What Does It Mean to Be Challenged?

What Does It Mean to Be Challenged?

Parent Focus Groups
June 8, 2015
Tuesday, June 16 – 6:00 pm
Wednesday, June 17  – 8:00 am

When I was in graduate school working toward my principal’s certification, I took a yearlong course called “Improving Schools” with Roland Barth, founder of the Harvard Graduate School of Education’s Principals’ Center.  The class was rigorous – lots of reading with a weekly “two-pager” writing assignment. The writing pushed me to synthesize the reading and reflect on its meaning for work in schools.  One was motivated to complete the assignments in order to participate fully in the rich discussions with peers – all adeptly facilitated by a wise and skillful teacher.  I felt engaged – and appropriately challenged.

What does it mean for your child to be appropriately challenged in school? A few weeks ago, I reported on school survey results and pointed out that an area that emerged from the survey as needing a deeper look was academic challenge. 75% of families agreed their child is being challenged to high expectation – a lower level of satisfaction than we saw in other areas.  Academic challenge was also the most often cited area mentioned among the open-response comments by parents (34 comments).

We’d like to learn more about what parents mean by being “challenged to meet high expectations.”   We’d like to hear about times you feel your child has been appropriately challenged – in and out of school.   What level of challenge do you want for your child?  Is challenge further developing an area of strength or being challenged across disciplines?  Do you see challenge as student-driven, independent work or teacher-driven?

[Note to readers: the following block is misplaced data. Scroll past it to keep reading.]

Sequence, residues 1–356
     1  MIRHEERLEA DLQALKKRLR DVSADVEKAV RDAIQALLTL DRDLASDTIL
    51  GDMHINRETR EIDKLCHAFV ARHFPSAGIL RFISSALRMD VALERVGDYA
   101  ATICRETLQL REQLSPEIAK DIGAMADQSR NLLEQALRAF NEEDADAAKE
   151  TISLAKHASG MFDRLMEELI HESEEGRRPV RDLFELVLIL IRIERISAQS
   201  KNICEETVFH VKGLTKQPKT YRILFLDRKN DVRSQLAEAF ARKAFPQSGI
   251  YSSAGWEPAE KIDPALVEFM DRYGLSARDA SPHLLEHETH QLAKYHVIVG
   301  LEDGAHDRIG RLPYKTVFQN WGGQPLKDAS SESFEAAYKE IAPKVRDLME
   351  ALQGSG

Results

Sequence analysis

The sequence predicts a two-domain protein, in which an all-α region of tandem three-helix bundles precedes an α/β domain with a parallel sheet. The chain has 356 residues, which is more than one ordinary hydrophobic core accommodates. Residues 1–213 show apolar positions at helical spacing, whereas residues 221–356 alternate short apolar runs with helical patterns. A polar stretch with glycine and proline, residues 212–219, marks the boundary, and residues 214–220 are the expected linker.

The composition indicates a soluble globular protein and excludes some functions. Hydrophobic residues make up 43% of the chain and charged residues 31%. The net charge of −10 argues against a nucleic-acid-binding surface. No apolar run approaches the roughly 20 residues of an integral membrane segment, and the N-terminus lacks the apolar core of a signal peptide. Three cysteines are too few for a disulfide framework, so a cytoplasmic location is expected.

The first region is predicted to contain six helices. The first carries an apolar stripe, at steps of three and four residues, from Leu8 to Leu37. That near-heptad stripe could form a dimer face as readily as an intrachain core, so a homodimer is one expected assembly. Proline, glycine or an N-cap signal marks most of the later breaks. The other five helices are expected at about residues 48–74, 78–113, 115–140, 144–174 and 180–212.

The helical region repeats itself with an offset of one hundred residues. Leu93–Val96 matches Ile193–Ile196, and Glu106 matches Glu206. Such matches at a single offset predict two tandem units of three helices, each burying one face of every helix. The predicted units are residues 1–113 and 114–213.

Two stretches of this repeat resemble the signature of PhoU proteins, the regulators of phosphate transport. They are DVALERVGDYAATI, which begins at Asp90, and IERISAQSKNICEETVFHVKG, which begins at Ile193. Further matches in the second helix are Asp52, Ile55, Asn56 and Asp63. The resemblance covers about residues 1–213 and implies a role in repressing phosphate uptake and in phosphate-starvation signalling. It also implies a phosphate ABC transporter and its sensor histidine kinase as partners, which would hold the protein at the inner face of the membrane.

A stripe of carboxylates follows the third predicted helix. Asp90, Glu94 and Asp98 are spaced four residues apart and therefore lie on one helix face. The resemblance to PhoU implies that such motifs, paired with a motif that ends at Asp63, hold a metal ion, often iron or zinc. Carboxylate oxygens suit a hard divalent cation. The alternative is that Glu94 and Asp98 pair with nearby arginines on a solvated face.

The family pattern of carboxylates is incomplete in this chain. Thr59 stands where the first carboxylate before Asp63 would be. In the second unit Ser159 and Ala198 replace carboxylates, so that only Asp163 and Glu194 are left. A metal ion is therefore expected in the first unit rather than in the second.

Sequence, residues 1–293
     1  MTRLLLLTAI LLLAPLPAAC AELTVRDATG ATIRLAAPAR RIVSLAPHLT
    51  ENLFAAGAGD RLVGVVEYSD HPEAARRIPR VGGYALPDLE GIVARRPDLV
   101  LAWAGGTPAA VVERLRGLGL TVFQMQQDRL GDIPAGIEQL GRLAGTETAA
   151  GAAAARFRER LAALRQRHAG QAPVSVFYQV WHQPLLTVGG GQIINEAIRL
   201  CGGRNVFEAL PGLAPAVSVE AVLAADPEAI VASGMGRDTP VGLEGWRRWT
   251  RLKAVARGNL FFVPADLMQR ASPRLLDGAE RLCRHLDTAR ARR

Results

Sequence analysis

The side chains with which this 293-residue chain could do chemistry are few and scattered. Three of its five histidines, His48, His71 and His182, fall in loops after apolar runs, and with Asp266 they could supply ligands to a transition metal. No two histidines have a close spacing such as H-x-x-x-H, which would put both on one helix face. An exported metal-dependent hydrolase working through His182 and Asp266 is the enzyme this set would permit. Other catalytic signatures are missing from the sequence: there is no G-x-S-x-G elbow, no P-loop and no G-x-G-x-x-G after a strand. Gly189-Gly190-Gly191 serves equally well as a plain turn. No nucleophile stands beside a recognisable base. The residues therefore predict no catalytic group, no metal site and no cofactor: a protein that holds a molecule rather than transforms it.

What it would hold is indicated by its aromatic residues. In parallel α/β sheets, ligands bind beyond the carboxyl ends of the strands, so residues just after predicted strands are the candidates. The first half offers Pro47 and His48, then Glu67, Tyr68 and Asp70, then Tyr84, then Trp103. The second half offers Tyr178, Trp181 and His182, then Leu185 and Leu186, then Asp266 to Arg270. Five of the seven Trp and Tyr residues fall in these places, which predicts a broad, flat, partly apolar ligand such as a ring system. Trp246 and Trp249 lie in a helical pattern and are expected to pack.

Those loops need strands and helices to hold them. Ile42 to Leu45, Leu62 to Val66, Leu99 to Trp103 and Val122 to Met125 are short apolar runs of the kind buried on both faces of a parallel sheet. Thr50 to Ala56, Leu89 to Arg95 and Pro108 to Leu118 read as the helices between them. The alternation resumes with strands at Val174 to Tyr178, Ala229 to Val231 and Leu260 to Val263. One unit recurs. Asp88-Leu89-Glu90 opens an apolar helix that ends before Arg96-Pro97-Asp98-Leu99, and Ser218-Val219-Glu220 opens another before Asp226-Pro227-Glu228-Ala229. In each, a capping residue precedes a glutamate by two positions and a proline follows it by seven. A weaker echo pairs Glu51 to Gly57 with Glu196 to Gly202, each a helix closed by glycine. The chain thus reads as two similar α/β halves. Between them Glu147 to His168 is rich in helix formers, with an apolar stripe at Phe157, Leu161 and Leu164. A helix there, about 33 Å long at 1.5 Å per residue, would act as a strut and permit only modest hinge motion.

To help us gain a deeper understanding of this issue, I invite you to join us for one of two parent focus groups next week– one in the evening and one in the morning.  We intend to use what we learn from these focus groups to inform our ongoing efforts to ensure all students are appropriately challenged.  Come be part of the conversation. 

School Council Parent Representatives

There are two open seats for two-year terms as School Council parent representative next year. Interested candidates should send a brief (one paragraph) statement to lawrenceschoolpto@gmail.com by Friday, June 12.   If an election is necessary, it will be held during the week of June 15. School council meets once a month on Tuesday mornings from 8:00-9:00 a.m. with some subcommittee work in between.

According to the Massachusetts 1993 Education Reform Act, the school council acts in an advisory capacity to the principal on matters related to school improvement and helps to identify school goals and develop the annual school improvement plan. I value the school council as a place where parents and teachers can talk together about educational matters.  I believe that school council should focus on the “big picture” of the school community: What kind of school do we want this school to be and how do we get there?  This year, we worked on developing a vision for how technology should be used to enhance teaching and learning.   This vision statement will be finalized during the summer and be used to shape our work in this area next year.

If you would like more information about School Council, please feel free to contact one of our current parent representatives (Keith Carson, Grace Fehrenbach, Florrie Ives, Charu Puri-Sharma and Jin Suk), Vice Principal Laura Horst or me for more information.

Rick Rogers

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